Originally Posted by JohnDoe
On a scale of 0 to 100 I am at about 5% of buying a 2nd house and I have some questions.
Are mortgage rates typically higher for investment properties?
Is there a down payment percentage that is required?
I have gotten into rental properties this year and learned a great deal. My experience is that investment loans are considerably more expensive (almost double). Let me explain in more detail....
We have an LLC for rentals. If I tell the banks I want to buy the properties through the LLC, the rates are much higher. This is for a variety of factors, such as little equity currently in the LLC against which to borrow, no history of income of the LLC, etc.
In addition, when you buy an investment properties, there are different "rules". For example, if I buy one that's vacant and not "livable", they will loan me only 70% of the purchase price
. If I buy one with a tenant in it, they will loan me 85% of the appraised value
. One strategy to deal with this is a bridge loan until it's livable, then refinance.
Another factor is that most investment loans are not truly fixed rate. I've spoken to 4 local banks, and none of them will give a 15 or 30 year fixed. Rather they will give 5 or 7 year ballon, amortized over 15 or 30 years. This essentially translates significant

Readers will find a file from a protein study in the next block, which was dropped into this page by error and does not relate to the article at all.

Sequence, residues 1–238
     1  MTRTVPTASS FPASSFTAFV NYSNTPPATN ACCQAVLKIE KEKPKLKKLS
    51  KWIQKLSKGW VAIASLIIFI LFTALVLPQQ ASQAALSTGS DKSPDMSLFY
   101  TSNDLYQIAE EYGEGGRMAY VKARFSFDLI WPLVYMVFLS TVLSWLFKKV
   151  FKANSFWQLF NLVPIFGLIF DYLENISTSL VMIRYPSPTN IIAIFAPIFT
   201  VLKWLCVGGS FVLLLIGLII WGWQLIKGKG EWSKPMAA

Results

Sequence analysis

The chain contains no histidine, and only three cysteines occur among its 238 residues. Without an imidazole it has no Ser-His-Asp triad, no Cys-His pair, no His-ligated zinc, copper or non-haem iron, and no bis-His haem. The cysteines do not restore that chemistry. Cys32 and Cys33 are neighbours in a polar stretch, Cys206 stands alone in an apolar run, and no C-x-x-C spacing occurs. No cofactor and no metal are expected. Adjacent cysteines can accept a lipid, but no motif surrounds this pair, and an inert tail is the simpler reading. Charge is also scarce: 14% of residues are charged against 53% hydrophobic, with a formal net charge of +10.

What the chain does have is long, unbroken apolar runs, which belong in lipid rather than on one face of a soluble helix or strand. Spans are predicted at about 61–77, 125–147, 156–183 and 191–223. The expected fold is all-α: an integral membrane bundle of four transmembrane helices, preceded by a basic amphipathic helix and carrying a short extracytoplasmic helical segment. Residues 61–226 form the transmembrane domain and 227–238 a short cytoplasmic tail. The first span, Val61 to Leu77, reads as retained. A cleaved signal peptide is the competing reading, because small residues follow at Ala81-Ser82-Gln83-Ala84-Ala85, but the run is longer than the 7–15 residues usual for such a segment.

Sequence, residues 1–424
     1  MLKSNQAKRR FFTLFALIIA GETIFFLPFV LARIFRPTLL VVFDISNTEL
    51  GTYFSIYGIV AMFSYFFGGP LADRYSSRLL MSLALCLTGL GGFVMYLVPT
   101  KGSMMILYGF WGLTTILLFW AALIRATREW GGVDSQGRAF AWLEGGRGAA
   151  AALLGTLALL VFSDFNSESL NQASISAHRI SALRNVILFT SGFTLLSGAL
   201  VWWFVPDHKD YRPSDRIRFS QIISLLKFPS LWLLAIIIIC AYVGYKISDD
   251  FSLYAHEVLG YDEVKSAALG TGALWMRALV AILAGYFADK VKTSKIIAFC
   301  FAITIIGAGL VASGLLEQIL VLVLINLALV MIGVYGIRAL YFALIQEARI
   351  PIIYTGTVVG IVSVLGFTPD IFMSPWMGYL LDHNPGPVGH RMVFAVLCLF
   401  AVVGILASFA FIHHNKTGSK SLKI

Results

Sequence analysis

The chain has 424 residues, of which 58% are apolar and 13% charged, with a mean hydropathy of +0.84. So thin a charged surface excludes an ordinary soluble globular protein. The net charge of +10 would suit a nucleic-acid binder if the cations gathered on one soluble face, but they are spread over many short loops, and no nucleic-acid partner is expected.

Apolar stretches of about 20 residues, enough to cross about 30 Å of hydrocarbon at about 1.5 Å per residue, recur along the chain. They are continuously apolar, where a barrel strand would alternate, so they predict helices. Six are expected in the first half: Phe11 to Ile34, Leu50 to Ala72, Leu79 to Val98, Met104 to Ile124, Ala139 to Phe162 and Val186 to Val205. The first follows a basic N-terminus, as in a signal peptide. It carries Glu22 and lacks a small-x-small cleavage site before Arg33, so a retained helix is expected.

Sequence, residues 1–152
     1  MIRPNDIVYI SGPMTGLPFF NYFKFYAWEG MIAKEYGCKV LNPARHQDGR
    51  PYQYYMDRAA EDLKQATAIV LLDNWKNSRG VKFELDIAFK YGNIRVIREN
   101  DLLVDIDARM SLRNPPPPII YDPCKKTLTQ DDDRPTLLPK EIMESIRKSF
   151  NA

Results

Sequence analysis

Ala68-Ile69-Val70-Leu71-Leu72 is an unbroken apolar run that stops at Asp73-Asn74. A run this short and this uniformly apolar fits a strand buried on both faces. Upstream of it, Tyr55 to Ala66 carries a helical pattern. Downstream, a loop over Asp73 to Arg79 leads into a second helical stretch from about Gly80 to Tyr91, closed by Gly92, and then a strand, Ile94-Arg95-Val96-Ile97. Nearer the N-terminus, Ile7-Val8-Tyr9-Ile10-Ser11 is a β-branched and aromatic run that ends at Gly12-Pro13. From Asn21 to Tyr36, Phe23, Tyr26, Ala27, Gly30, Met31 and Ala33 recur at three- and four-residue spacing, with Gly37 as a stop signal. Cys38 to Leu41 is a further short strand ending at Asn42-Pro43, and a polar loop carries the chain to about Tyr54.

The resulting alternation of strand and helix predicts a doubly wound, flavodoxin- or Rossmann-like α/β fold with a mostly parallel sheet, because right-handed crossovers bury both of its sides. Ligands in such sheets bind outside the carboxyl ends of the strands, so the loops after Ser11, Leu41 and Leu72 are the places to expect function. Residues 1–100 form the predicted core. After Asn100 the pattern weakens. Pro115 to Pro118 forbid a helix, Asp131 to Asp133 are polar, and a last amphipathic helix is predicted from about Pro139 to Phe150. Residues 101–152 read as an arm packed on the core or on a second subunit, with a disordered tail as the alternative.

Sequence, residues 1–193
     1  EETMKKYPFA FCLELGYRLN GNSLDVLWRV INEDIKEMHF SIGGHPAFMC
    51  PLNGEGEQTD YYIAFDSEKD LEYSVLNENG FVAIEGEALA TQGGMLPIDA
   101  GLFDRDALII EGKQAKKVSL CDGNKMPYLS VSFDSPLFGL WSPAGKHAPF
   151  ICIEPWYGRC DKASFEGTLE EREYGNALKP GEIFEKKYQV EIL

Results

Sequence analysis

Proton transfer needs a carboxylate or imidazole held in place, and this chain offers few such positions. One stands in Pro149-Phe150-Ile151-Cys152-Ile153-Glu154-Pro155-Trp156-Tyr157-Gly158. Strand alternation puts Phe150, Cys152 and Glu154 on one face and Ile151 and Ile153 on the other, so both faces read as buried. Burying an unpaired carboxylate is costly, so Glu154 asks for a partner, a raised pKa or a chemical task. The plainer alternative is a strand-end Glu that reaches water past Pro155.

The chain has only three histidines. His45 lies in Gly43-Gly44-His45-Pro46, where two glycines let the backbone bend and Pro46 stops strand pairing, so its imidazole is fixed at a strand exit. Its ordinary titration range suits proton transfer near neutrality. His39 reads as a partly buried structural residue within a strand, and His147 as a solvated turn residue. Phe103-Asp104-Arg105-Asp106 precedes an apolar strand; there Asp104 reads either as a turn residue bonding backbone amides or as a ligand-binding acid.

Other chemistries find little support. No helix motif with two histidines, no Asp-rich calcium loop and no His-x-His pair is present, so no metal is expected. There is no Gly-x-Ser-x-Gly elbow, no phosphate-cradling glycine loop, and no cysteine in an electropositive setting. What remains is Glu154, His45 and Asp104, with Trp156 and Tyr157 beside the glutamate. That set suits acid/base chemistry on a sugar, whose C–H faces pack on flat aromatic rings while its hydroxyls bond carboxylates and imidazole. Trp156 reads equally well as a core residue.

interest rate risk to the borrower. As a result, we've elected to borrow only enough that we could pay the loan off entirely in 5 years should rates skyrocket.
Now, there is a way to get around the high rates. Instead of using the business to secure the loans, use your primary capacity. That could mean a HELOC against your primary residence, a personal mortgage instead of a business mortgage, and so on. Obviously this only works if you have income or assets to show the bank your repayment ability. The other complication is that you are then "crossing lines" by borrowing from a personal capacity for an asset owned in an LLC. Although I don't believe this is illegal, it certainly creates some gray areas for the accountants and lawyers and most them advise caution in this area.
Our solution? Use HELOC to secure funds, draw down the HELOC, send this to the business as a "cash contribution from owner", then use those funds to bridge until the property is livable, then refi through the business on a 5-year balloon with the intention of dramatically overpaying the 15 year amortization schedule so that a balloon in 5 years is doable.
The above is admittedly not in alignment with many "experts'" philosophies on using OPM (Other People's Money) towards advancing ownership, but it's the way that suits us.